“Thanks so much for coming, Cindy,” I said, shaking my head. “I just don’t know why they keep saying things like that; I’m not blind.”
“What a relief. So, you can see me then?” I heard the sound of the straight-back chair being pulled over to the bed.
“Not exactly. I mean, it’s not all black like blind people, but I can’t really see you. I see only long chains of colored pyramids. They’re like waving strings of colored lights, kind of; it’s hard to explain. I couldn’t make the doctor understand. He’s the one that says I’m blind.”
“Are you in pain? You’re kinda squeezing your eyes like I do when I have a migraine.”
“Am I? I didn’t realize that. Yes, I have a bad headache, but they say it’s too early to give me anything for the pain. I have to have some tests first.”
“Yeah, that’s what they told me. I called your mother and she’s coming right away. She said your father would come after work.”
“Oh, poor Mom. She’s probably a wreck. Dad can handle stuff like this so much better; but if they need only one parent to be here, I can see she’d get away from work more easily than Dad. Can you stay with her, Cindy?”
“I think so. I’ll run home before she gets here to be sure Jack‘s gonna be home with the baby. I don’t think he has plans that can’t be changed a bit; it’s his day off.”
“Hey, thanks so much. This is just so weird. I mean, Cindy, I’m not sick at all; I just had this neck-thing going on and now—“ I interrupted myself, remembering about the blindness rumor. “You didn’t tell Mom I’m blind, did you? She’ll crash the car on her way, if she’s got that on her mind.” Cindy joined my chuckling.
“I know exactly what you mean; my mom’s the same way. No, I just said you were in the hospital and needed to have some tests. I told her that the doctor wanted one of your parents to come.”
“Okay, good; that’s not too bad then. Go ahead and check with Jack, and thanks.”
When Cindy returned with the news she could be with Mom until Dad arrived, we used the time to catch up on family happenings over the months we’d been apart, as any two young adult women would. “One thing I am thanking the Lord for in all of this, Dar, is that whatever is going on with your body, we’re not still living across the city. We’re practically in the hospital’s parking lot.”
“Me, too, Cindy. I’m so glad the Lord has you close enough to be here with me, and to help Mom.”
Just then, the fast clicking of Mom’s pumps rushed to my bedside. Grabbing my hand and pressing it between her two palms, Mom’s lips touched my forehead. “Oh, Honey. Oh, Honey! What’s happening to you? The doctor said they had to do a test and you might die or lose your leg?”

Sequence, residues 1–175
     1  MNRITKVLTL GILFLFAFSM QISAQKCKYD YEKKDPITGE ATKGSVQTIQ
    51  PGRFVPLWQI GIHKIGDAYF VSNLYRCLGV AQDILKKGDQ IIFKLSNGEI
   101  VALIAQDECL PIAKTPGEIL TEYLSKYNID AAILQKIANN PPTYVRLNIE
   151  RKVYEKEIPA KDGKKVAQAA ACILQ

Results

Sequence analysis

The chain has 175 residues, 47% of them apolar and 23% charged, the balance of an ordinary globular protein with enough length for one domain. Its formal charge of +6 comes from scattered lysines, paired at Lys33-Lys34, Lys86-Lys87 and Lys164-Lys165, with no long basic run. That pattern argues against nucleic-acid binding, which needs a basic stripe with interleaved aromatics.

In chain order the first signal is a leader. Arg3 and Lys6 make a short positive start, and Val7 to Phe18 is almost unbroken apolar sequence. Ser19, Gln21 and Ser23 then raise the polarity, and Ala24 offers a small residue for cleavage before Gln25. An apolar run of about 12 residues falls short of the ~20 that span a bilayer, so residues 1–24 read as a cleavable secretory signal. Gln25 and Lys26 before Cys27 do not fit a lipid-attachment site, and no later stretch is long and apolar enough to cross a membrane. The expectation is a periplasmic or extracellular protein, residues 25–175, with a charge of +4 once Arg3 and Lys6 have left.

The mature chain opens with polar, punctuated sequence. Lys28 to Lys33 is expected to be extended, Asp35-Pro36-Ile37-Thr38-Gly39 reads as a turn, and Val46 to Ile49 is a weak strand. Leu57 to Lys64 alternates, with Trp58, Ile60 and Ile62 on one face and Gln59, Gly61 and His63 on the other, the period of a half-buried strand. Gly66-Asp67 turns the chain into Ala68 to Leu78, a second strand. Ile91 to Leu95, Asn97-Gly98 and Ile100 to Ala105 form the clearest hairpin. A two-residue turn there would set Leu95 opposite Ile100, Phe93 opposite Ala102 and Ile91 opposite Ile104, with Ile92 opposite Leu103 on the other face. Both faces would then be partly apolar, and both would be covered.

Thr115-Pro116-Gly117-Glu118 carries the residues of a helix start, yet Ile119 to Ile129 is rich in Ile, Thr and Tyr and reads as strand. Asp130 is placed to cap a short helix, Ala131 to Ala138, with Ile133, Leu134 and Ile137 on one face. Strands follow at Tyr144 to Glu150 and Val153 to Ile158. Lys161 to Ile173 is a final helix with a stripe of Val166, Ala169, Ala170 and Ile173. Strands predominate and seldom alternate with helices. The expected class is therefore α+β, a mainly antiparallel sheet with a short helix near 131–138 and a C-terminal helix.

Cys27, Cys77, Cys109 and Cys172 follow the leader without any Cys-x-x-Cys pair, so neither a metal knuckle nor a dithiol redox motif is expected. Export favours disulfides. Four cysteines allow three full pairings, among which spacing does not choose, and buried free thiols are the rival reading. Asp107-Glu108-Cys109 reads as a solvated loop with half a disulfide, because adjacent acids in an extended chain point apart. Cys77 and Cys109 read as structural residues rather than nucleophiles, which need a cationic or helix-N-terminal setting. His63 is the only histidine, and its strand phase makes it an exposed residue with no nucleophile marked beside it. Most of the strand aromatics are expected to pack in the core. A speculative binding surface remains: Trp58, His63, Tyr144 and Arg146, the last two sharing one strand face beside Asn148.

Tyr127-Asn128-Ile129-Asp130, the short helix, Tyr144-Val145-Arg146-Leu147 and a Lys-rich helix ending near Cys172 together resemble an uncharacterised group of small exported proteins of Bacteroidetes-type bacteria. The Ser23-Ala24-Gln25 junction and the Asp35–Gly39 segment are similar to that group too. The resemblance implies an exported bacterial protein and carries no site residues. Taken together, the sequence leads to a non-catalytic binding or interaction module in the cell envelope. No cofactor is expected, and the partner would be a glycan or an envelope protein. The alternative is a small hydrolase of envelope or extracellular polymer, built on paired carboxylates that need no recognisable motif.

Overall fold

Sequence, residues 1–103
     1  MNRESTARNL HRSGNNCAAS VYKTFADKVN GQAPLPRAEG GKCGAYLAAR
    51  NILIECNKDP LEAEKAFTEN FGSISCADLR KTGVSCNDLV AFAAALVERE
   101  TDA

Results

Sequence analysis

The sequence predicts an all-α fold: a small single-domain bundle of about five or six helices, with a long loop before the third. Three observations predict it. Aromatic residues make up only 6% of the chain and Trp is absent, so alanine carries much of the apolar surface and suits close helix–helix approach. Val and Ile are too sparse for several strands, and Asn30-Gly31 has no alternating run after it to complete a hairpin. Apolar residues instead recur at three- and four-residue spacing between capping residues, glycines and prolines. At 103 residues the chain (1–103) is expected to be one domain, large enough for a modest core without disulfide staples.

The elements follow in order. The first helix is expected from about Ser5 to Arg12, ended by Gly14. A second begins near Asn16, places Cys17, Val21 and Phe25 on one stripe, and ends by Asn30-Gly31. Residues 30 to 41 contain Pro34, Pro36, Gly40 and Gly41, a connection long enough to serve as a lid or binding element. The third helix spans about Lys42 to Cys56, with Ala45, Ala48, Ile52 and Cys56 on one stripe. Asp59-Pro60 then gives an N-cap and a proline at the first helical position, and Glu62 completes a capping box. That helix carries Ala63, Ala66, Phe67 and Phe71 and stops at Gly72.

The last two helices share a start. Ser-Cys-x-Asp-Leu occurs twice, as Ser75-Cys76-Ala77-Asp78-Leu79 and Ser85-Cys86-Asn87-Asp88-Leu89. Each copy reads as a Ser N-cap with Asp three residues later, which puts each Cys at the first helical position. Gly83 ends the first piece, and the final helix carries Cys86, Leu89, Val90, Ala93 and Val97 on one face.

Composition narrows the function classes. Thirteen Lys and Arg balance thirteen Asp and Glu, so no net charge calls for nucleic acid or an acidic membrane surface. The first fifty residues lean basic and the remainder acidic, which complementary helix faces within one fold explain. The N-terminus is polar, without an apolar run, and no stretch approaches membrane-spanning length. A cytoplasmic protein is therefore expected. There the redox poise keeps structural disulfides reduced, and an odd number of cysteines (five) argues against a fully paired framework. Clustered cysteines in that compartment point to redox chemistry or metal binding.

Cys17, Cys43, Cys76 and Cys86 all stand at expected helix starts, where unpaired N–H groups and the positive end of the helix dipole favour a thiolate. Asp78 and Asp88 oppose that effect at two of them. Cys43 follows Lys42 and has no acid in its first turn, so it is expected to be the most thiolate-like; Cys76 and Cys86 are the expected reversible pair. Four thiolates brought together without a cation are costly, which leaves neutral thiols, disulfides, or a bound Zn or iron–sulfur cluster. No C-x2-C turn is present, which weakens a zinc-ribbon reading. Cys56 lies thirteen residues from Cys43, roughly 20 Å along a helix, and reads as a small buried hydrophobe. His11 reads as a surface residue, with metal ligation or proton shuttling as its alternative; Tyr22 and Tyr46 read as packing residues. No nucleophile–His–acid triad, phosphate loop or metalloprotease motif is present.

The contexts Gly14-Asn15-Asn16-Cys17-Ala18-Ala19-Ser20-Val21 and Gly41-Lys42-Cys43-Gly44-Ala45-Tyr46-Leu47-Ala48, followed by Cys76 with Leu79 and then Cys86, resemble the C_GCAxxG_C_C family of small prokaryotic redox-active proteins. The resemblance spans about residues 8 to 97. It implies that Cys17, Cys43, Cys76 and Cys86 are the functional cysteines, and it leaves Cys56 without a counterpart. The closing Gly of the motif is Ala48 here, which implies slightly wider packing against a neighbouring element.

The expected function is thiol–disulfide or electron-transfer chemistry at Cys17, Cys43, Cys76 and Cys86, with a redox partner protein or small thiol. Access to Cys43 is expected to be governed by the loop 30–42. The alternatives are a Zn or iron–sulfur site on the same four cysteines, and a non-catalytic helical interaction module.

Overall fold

“Leg?” Cindy and I said at the same time. “There’s nothing wrong with my leg, Mom. I have no idea why the doctor would tell you that.”
As I struggled to make sense of that warning, Mom reached up and stroked my cheek. At the same time, she pressed her own cheek into my right hand. I felt her tears. Then I remembered.
“Oh, Mom, I know why Dr. Roberts* told you that; it’s the law. They are going to do a test that puts dye into the blood vessels in my brain. Because they actually insert the needle in the artery at the top of the leg and thread it up to the right spot, he’s obliged by law to tell you what could happen if things go wrong. It hardly ever does, but if he tells us and we still sign the consent papers, the doctor and hospital are off the hook. You know how that goes, right? This isn’t going to happen to me; I’m not a bit worried about losing my leg. I’m not allergic to any dyes either, so this test isn’t going to kill me.” Mom wrapped her arms around my body as best she could, resting her head on my chest.
“It’s okay, Mom, really. I’m not worried; you don’t need to be either,” I said, stroking her shoulder and choking back the tears the sight of my mother’s pain had stirred in me.
Just then, the orderly arrived with the gurney to take me down to Radiology for the Cerebral Arteriogram Dr. Roberts had ordered to be done immediately. My bed raised, I scooted over to the gurney. Sitting up, I let my mother hug me; I returned her embrace, hoping all really would turn out to be as good as I’d tried to assure her it would.
The hard x-ray table felt cold beneath me. I listened to all the activity around me, remembering the protocols I’d followed when working as a student radiology tech. The tap at the back of my head meant a large molded foam would soon be placed under it, with straps to keep my head from moving out of position. I figured the inguinal insertion of the catheter would soon follow.
What I had totally forgotten was the towel. I felt the female tech place a wad of folded terrycloth between my legs. “You’ll want this there in a minute.”
“But, I did—“
“Yeah, I know; all patients are taken to the restroom before being put on this table. But let me assure you, you’ll be glad I padded this area for you. It’s just a reflex.”
In fact, the lady had been right. Sometimes the humiliation of being a patient can be worse than the pain of the disease. At least, that’s what I thought when the inguinal insertion of the catheter needle caused an immediate release of residual warm bladder contents.
Then they shot the dye into my brain and I knew I’d been wrong. No humiliation came close to this kind of pain. No wonder they’d strapped my head into the foam restraint.